Following a two-year internship at the Montreal General Hospital, MacLeod moved to New York City and became a research assistant at the Rockefeller Institute for Medical Research. His research there, under the direction of Oswald Avery, focused on pneumonia and the Pneumococcal infections which cause it. He examined the use of animal antiserums (liquid substances that contain proteins that guard against antigens) in the treatment of the disease. MacLeod also studied the use of sulfa drugs , synthetic substances that counteract bacteria, in treating pneumonia, as well as how Pneumococci develop a resistance to sulfa drugs. He also worked on a mysterious substance then known as "C-reactive protein," which appeared in the blood of patients with acute infections.
MacLeod's principal research interest at the Rockefeller Institute was the phenomenon known as bacterial transformation. First discovered by Frederick Griffith in 1928, this was a phenomenon in which live bacteria assumed some of the characteristics of dead bacteria. Avery had been fascinated with transformation for many years and believed that the phenomenon had broad implications for the science of biology. Thus, he and his associates, including MacLeod, conducted studies to determine how the bacterial transformation worked in Pneumococcal cells.
The researchers' primary problem was determining the exact nature of the substance which would bring about a transformation. Previously, the transformation had been achieved only sporadically in the laboratory, and scientists were not able to collect enough of the transforming substance to determine its exact chemical nature. MacLeod made two essential contributions to this project: He isolated a strain of Pneumococcus which could be consistently reproduced, and he developed an improved nutrient culture in which adequate quantities of the transforming substance could be collected for study.
By the time MacLeod left the Rockefeller Institute in 1941, he and Avery suspected that the vital substance in these transformations was DNA. A third scientist, Maclyn McCarty, confirmed their hypothesis. In 1944, MacLeod, Avery, and McCarty published "Studies of the Chemical Nature of the Substance Inducing Transformation of Pneumococcal Types: Induction of Transformation by a Deoxyribonucleic Acid Fraction Isolated from Pneumococcus Type III" in the Journal of Experimental Medicine. The article proposed that DNA was the material which brought about genetic transformation. Though the scientific community was slow to recognize the article's significance, it was later hailed as the beginning of a revolution that led to the formation of molecular biology as a scientific discipline.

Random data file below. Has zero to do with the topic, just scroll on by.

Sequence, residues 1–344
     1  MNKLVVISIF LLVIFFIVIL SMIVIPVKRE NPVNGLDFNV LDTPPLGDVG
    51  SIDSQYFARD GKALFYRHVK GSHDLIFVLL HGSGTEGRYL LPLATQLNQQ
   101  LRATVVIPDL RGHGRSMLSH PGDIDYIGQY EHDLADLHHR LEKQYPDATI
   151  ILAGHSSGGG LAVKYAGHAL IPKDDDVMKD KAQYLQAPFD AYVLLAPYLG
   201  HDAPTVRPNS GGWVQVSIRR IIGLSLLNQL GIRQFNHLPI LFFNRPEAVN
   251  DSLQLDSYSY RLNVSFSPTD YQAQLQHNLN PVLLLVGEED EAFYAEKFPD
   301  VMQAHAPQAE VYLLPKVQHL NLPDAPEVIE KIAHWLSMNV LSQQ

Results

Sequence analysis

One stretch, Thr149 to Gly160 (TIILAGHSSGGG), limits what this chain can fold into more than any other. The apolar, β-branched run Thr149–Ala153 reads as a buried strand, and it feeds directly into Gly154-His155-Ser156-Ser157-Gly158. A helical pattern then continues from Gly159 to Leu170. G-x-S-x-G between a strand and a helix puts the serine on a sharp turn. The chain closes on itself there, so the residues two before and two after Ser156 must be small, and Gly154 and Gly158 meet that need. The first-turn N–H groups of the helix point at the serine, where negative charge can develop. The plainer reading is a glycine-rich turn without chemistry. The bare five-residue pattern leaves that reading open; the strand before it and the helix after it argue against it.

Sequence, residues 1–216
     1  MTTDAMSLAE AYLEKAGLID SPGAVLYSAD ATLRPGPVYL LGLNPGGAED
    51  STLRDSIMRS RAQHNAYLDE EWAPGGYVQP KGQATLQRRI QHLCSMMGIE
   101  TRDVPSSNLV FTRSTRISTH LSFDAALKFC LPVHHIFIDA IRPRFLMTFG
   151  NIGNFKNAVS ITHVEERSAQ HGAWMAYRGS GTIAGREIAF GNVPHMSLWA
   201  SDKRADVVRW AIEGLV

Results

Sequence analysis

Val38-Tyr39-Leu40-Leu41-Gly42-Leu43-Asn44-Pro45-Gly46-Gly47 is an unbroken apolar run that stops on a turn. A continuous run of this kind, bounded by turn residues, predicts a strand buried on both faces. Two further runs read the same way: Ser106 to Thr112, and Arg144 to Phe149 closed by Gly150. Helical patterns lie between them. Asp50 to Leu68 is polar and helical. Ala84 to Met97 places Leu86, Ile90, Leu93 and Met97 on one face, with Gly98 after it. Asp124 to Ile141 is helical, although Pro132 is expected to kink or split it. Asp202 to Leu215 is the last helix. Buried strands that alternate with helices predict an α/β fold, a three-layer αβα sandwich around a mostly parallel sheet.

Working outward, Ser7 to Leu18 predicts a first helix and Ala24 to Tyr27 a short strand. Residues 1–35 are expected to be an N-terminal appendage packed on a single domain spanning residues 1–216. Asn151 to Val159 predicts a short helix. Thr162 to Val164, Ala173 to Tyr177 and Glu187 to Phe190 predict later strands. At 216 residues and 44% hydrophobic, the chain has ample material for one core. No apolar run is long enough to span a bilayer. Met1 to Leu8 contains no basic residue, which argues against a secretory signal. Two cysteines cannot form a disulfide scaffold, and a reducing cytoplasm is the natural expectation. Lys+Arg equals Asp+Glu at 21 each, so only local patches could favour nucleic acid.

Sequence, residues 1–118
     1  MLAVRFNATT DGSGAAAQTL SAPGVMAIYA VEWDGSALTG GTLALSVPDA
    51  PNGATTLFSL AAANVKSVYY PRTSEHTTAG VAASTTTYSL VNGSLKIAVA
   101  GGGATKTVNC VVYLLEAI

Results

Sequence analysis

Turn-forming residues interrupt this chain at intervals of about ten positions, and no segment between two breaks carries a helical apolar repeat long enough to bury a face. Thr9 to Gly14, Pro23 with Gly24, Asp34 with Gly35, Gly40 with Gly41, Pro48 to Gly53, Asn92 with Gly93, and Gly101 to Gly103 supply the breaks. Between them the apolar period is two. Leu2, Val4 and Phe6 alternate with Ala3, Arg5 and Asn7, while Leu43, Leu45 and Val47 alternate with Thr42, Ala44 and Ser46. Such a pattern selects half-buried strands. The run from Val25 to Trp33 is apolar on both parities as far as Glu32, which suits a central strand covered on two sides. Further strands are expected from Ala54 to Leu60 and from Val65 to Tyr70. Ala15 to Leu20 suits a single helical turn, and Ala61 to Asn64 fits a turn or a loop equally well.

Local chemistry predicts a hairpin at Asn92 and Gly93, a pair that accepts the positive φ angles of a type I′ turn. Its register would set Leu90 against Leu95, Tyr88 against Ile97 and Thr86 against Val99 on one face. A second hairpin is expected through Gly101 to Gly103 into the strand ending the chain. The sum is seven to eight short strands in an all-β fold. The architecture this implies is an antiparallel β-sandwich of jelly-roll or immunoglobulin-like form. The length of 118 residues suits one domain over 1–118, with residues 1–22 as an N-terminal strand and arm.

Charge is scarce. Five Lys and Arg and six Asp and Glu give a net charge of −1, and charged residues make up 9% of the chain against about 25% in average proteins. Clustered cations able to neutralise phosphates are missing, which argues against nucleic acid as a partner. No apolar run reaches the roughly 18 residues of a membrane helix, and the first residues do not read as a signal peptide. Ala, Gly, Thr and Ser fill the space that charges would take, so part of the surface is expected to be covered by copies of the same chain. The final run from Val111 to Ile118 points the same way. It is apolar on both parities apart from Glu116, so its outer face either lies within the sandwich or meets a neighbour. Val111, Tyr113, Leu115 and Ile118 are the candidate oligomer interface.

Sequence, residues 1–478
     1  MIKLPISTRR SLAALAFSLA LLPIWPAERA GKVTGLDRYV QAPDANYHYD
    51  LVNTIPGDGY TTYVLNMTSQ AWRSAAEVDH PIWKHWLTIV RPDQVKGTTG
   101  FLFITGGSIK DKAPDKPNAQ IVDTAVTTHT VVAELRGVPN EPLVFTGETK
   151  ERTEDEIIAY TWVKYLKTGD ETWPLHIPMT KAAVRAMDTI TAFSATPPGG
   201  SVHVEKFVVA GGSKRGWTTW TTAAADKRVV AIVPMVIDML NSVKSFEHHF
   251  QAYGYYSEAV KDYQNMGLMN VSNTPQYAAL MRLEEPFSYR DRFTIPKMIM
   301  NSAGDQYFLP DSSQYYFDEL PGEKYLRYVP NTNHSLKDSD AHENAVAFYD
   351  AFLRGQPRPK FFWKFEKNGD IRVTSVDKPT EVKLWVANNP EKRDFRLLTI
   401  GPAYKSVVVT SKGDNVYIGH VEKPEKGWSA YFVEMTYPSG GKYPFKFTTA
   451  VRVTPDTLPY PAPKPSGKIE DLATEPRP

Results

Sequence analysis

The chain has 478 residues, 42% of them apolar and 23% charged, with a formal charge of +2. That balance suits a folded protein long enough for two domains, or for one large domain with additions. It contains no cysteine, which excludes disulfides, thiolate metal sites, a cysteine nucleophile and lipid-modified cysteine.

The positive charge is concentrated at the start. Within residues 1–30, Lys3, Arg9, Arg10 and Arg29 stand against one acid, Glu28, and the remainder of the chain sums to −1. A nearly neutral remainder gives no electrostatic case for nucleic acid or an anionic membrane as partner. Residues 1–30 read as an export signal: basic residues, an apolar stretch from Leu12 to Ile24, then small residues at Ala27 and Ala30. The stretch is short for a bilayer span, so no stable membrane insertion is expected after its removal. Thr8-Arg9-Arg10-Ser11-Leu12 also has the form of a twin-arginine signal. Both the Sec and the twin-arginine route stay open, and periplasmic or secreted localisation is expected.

MacLeod married Elizabeth Randol in 1938; they eventually had one daughter. In 1941, MacLeod became a citizen of the United States, and was appointed professor and chairman of the department of microbiology at the New York University School of Medicine, a position he held until 1956. At New York University he was instrumental in creating a combined program in which research-oriented students could acquire both an M.D. and a Ph.D. In 1956, he became professor of research medicine at the Medical School of the University of Pennsylvania. MacLeod returned to New York University in 1960 as professor of medicine and remained in that position until 1966.
From the time the United States entered World War II until the end of his life, MacLeod was a scientific advisor to the federal government. In 1941, he became director of the Commission on Pneumonia of the United States Army Epidemiological Board. Following the unification of the military services in 1949, he became president of the Armed Forces Epidemiological Board and served in that post until 1955. In the late 1950s, MacLeod helped establish the Health Research Council for the City of New York and served as its chairman from 1960 to 1970. In 1963, President John F. Kennedy appointed him deputy director of the Office of Science and Technology in the Executive Office of the President; from this position he was responsible for many program and policy initiatives, most notably the United States/Japan Cooperative Program in the Medical Sciences.
In 1966, MacLeod became vice-president for Medical Affairs of the Commonwealth Fund, a philanthropic organization. He was honored by election to the National Academy of Sciences, the American Philosophical Society, and the American Academy of Arts and Sciences. MacLeod was en route from the United States to Dacca, Bangladesh, to visit a cholera laboratory when he died in his sleep in a hotel at the London airport in 1972. In the Yearbook of the American Philosophical Society, Maclyn McCarty wrote of MacLeod's influence on younger scientists, "His insistence on rigorous principles in scientific research was not enforced by stern discipline but was conveyed with such good nature and patience that it was simply part of the spirit of investigation in his laboratory."
See also Bacteria and bacterial infection; Microbial genetics; Pneumonia, bacterial and viral